If independently wealthy Buffett cannot find the courage to vote against a pay package he finds egregious, one wonders if other fund managers, of lower independence and wealth will show much activism in bucking corporate management.

        Reply
        1. FDR Liberal

          Buffett’s stance on Coke execs pay raises was at best a punt and at worst an abandonment of classical capitalism’s sine qua non. Buffett, similar to Blackrock, Vanguard, own multiple stocks in the same industry, have cozy relationships with boards, ceos, etc.

          Corporate capitalism is not capitalism. It has evolved into what Marx accurately predicted is fictitious capital.

          Reply
  2. Ape

    Coase’s theorem isn’t a theorem — and it’s not even right! Worshipping liquidity so that equilibrium models fit (which is backwards, right?) is insane. Coase is a religion, not a scientific model (and definitely not a theorem).

    And these kind of things show how bad an equilibrium analysis is of economic systems. Even the tiniest bump in the manifold, and you get turbulence which can lead to storms. Dumping liquidity into a turbulent system and you get more turbulence (which eventually becomes self-sustaining structures in the face of the very even flow you were trying to create…)

    Reply
  3. Steve Ruis

    I mis-read the lead as “The Shame of Shareholder Capitalism”. Whatever happened to corporations that had responsibilities/commitments to anything besides shareholders? Since said shareholders are, in effect, absentee landlords, executives are running the game for what? Their own benefit? I’m shocked, shocked I tell you.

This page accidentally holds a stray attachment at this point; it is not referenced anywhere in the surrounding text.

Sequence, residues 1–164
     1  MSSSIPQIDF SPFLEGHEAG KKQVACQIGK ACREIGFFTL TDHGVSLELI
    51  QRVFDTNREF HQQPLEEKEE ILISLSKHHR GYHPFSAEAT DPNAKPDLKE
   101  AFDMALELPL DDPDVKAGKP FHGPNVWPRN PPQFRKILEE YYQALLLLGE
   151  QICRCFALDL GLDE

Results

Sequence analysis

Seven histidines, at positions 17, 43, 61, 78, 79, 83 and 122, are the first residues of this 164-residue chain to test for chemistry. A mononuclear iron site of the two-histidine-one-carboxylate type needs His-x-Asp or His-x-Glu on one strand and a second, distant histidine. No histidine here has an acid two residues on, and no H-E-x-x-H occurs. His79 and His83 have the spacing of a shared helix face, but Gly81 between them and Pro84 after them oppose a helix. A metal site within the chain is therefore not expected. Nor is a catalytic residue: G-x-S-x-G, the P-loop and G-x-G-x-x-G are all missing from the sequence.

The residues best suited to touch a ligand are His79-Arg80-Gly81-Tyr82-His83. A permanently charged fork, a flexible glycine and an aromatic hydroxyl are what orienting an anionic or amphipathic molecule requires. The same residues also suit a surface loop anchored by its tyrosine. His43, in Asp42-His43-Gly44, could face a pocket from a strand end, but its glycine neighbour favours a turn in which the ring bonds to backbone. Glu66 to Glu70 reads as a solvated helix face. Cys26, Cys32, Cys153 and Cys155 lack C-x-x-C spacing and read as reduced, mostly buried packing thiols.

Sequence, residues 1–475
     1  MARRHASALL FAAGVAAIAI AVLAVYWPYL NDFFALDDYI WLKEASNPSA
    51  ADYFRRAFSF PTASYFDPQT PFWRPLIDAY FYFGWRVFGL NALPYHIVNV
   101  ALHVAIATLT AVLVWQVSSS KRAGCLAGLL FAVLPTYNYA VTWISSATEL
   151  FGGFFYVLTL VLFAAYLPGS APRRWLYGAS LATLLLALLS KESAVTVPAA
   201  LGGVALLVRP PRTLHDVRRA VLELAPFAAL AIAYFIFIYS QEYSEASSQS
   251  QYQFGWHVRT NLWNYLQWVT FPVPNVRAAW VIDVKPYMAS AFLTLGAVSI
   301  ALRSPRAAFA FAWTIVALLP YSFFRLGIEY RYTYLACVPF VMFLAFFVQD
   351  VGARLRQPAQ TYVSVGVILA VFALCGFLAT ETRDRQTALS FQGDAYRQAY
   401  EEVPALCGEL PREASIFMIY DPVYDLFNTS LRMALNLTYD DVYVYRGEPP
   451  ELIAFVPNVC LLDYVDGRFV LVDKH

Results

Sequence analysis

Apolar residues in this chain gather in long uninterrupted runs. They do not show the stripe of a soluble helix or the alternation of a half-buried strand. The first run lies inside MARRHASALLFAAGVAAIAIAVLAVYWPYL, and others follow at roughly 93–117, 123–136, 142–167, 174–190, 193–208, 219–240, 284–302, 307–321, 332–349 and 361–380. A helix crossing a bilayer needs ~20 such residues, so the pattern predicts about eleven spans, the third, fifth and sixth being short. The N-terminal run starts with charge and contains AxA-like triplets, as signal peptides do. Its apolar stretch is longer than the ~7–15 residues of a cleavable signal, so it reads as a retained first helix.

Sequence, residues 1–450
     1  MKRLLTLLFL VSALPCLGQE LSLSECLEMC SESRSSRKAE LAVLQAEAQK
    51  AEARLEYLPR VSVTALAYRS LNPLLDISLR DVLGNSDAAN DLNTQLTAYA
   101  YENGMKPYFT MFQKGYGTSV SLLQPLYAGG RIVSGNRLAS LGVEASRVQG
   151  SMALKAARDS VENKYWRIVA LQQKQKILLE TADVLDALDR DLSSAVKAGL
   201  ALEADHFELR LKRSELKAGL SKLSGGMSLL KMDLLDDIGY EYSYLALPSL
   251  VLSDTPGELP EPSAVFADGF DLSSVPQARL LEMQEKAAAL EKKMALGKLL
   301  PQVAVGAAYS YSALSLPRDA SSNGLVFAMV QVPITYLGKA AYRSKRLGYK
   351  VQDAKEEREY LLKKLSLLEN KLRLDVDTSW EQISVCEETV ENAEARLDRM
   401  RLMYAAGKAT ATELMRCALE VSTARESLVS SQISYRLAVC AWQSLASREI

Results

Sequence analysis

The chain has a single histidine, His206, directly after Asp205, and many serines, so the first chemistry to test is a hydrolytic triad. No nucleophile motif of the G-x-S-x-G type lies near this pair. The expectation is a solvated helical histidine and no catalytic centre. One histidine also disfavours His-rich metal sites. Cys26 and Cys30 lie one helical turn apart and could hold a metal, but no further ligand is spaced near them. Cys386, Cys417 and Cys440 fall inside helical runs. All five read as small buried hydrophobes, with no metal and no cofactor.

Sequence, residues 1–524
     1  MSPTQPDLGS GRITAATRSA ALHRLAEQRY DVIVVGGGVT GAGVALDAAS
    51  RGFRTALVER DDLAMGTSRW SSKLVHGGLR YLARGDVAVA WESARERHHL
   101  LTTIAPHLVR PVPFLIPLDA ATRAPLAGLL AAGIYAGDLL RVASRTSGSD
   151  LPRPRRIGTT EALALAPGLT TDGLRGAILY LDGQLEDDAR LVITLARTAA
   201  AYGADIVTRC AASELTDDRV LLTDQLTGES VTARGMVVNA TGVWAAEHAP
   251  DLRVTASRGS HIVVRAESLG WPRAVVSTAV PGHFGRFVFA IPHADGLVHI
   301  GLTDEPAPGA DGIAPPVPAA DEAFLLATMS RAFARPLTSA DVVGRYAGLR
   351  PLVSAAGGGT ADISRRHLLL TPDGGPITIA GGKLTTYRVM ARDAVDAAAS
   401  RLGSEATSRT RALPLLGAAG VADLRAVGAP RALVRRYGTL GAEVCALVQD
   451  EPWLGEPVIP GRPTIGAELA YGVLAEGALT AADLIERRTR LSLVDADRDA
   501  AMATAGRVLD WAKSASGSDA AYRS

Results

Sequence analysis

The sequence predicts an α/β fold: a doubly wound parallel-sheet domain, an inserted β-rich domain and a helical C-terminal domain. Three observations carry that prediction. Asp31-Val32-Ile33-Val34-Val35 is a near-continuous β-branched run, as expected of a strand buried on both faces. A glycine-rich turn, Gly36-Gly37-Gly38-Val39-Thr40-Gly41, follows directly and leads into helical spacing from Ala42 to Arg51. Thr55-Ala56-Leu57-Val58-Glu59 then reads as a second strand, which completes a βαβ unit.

Reply
  4. Oh

    The major shareholders, mostly the CEO, CEO et al, are there to feather their own nest. While the right wingers repeat that the corporation should take care of shareholder interest, they actually mean these majority shareholders, who loot the corporation for their own benefit.

    Reply
  5. caloba

    I’ve always been struck by one contradiction inherent in the pooled fund model, with its customary emphasis on performance relative to indices or comparable funds. If an extremely large mutual fund goes underweight a listed stock (relative to its target benchmark index or the competition) you could easily end up with the largest holder of that stock having a financial interest in the stock’s underperformance.

    Reply
  6. Norm

    A theoretical economic justification for almost any aspect of large scale capitalism is prima facie ridiculous. Like everything else, capitalism is a game of power and although it’s pleasant to dream about countervailing power being held by consumers, investors, competitors and employees, the only enduring form of resistance to CEO governance is government. Unfortunately, the part of government that has been charged with controlling the corporation has been AWOL for a long, long time. The Democrats, the supposed champion of everyone who is not a CEO have long ago crossed the line and serve the other side (hopefully, prayerfully, with some exceptions).